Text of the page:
AMES — Iowa State volleyball coach Christy Johnson-Lynch believes her team is primed to be in good shape to start the 2020 season despite the effects of the COVID-19 pandemic.
Big 12 volleyball players are allowed to return to campus and begin voluntary workouts July 1.
“It’s a tough situation to be in for any team but I like the leadership we have in place to keep us going and keep us motivated,” Johnson-Lynch said.
The reason Johnson-Lynch believes her team is in a good spot as sports begin to resume is because the Cyclones graduated just one player from last year’s NCAA tournament team.
“We were pretty young last year — almost all of our team were freshmen and sophomores so we took some bumps here and there but we also gained a lot of experience,” Johnson-Lynch said. “I’m super excited about next season and to see what all of our players have done over the summer to get better and how well they’ve worked out.
“We’re in an advantageous spot because we didn’t graduate much and we have a group that knows what’s happening and knows our system. I think we’ll be a step ahead of other teams who lost a lot of players.”
The Cyclones will be led by three seniors — setter Piper Mauck, middle blocker Candelaria Herrera and libero Izzy Enna.
Herrera had been playing volleyball non-stop since 2018 before the pandemic. This rest is much needed for the San Juan native. She was an integral piece to the Argentina national team that qualified for the Olympics last summer.
ARTICLE CONTINUES BELOW ADVERTISEMENT
“If the pandemic wouldn’t have happened, she’d be training for the Olympics right now, which is amazing,” Johnson-Lynch said. “But the silver lining is she now has another year to prepare and she needs some time to rest her body. While she’s missing out on the opportunity to play in the Olympics right now, she’ll be able to get that next summer.
“I think she’ll come back even more ready to go with the added rest.”
Herrera is one of the many pieces to what Johnson-Lynch believes will be a high-powered offense.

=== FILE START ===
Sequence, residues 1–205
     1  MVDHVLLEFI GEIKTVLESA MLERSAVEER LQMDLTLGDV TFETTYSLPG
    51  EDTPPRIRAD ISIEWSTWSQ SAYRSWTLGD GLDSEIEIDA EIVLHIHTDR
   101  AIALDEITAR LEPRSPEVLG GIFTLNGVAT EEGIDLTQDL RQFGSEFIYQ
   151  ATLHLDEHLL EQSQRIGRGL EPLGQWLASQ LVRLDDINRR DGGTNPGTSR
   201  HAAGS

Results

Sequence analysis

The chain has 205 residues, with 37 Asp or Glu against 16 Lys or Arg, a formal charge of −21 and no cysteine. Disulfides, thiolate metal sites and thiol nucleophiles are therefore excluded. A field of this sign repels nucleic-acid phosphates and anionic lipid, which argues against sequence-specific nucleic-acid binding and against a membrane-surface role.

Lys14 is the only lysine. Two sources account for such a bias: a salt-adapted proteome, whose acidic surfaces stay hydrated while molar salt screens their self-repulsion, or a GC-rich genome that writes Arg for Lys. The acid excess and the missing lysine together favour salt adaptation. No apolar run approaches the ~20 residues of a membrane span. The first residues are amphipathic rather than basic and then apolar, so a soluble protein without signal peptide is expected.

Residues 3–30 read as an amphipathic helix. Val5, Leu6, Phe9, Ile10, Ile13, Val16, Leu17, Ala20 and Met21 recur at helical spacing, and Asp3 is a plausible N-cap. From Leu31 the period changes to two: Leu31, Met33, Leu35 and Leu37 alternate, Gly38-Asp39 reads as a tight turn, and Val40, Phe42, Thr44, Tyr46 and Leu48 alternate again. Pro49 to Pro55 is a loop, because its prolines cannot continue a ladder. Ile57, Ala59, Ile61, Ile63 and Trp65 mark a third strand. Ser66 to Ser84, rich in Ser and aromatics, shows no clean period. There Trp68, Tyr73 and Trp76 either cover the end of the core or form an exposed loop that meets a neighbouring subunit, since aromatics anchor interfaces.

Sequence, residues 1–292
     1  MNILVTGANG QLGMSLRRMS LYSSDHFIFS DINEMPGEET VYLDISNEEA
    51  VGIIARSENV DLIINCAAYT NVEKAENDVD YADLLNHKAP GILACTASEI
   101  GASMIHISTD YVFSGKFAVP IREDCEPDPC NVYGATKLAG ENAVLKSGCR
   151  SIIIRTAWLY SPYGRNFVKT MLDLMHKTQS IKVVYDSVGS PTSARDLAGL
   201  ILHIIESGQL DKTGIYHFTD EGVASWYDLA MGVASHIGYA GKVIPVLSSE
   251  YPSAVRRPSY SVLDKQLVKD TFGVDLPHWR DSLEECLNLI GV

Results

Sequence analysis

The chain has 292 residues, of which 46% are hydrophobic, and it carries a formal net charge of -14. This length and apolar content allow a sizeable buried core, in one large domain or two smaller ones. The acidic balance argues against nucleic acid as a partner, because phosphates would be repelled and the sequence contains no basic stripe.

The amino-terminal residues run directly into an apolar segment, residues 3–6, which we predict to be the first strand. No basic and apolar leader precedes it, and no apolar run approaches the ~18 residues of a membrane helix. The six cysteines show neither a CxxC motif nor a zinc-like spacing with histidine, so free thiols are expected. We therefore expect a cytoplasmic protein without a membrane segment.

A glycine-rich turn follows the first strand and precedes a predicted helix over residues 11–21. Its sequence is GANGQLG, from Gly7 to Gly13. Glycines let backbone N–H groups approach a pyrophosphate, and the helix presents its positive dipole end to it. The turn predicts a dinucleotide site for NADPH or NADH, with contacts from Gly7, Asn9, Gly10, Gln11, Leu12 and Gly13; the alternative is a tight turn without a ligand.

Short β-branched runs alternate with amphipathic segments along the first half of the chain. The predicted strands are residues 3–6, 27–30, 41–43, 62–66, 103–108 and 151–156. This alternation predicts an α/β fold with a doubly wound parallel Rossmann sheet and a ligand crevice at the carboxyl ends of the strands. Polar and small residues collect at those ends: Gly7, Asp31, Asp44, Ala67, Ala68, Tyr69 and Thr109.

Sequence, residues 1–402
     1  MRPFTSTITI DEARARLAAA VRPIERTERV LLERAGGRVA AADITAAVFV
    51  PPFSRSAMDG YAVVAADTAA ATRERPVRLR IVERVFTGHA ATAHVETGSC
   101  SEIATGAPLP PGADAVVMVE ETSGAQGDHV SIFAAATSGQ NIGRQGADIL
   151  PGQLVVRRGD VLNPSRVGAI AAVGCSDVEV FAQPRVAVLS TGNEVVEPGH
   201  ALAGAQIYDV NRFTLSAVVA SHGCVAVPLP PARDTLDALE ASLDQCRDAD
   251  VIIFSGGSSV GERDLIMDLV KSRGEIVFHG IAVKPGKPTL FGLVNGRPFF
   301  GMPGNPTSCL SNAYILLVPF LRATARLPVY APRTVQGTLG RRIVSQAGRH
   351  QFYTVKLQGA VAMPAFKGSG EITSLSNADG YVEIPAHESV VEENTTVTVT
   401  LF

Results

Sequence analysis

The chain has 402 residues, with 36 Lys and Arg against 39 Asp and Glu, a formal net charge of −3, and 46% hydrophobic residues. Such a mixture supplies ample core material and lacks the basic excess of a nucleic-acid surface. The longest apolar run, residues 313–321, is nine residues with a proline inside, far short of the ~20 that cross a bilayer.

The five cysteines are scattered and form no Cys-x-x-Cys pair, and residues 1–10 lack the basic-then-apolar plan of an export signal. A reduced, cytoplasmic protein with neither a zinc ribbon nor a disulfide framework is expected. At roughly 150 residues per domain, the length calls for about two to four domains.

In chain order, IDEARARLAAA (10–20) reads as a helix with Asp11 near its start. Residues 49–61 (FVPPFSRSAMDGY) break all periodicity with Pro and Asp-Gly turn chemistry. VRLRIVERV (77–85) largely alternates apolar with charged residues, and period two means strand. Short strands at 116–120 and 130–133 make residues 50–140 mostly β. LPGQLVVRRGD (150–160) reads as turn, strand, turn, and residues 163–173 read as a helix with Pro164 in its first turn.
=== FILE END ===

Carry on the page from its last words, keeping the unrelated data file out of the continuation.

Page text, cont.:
She had a team-best .314 hitting percentage while tallying 238 kills, fourth on the team.
Iowa State’s most potent offensive weapon last season had to cut her season short because of an ankle injury at the end of the season. Eleanor Holthaus led Iowa State in kills with 308 while hitting .254.
“We lost her at the very end of last season to a pretty severe ankle injury and she ended up needing surgery on that,” Johnson-Lynch said. “Her return hasn’t been fast and she needed to rehab all spring but she’s been keeping up with her rehab. But she was an All-Big 12 player for us and she has a huge impact on our team.
“We need her back in the same role, or bigger role this fall. That’s the plan and that’s what we expect from her.”
Annie Hatch, who was named to the All-Big 12 freshman team, recorded 280 kills, second best on the team. She needs to clean up her errors as she led the team with 115, but Johnson-Lynch believes her young, powerful arm will do that.
Like Holthaus, Johnson-Lynch wants Hatch to expand her role so she can play all six rotations.
Maybe no Iowa State player had as interesting of a year as Michal Schuler. Schuler was recruited as an outside hitter but when she arrived at Iowa State last season, Johnson-Lynch moved the 6-foot freshman to libero, where she played most of the season.
But in Iowa State’s last three matches, she moved back to outside hitter. It wasn’t because she was playing poorly at libero — she recorded 30 digs in the match before the move and had 14 total matches with at least 10 digs. But Johnson-Lynch was toying with moving Schular back outside in practice and she liked what she saw. The move proved to be a fruitful one.
She recorded 16 kills against Kansas, 15 against Texas and nine against Creighton in the NCAA tournament.
ARTICLE CONTINUES BELOW ADVERTISEMENT
“She’s kind of that glue player that can pass the ball, play every rotation, play good defense, be good offensively, serve tough — she does it all,” Johnson-Lynch said of Schuler. “We got to see just a little bit of what she can do last season but this spring she was training as a full-time outside hitter and all signs are pointing to her being a great player for us.”
While Iowa State’s offense is essentially a given, especially with Mauck distributing the ball as the setter, Johnson-Lynch wants some of that defensive peskiness Iowa State had in the early and mid-2010s.
“We’re solid defensively, but there’s another level we have to be at to be great,” she said.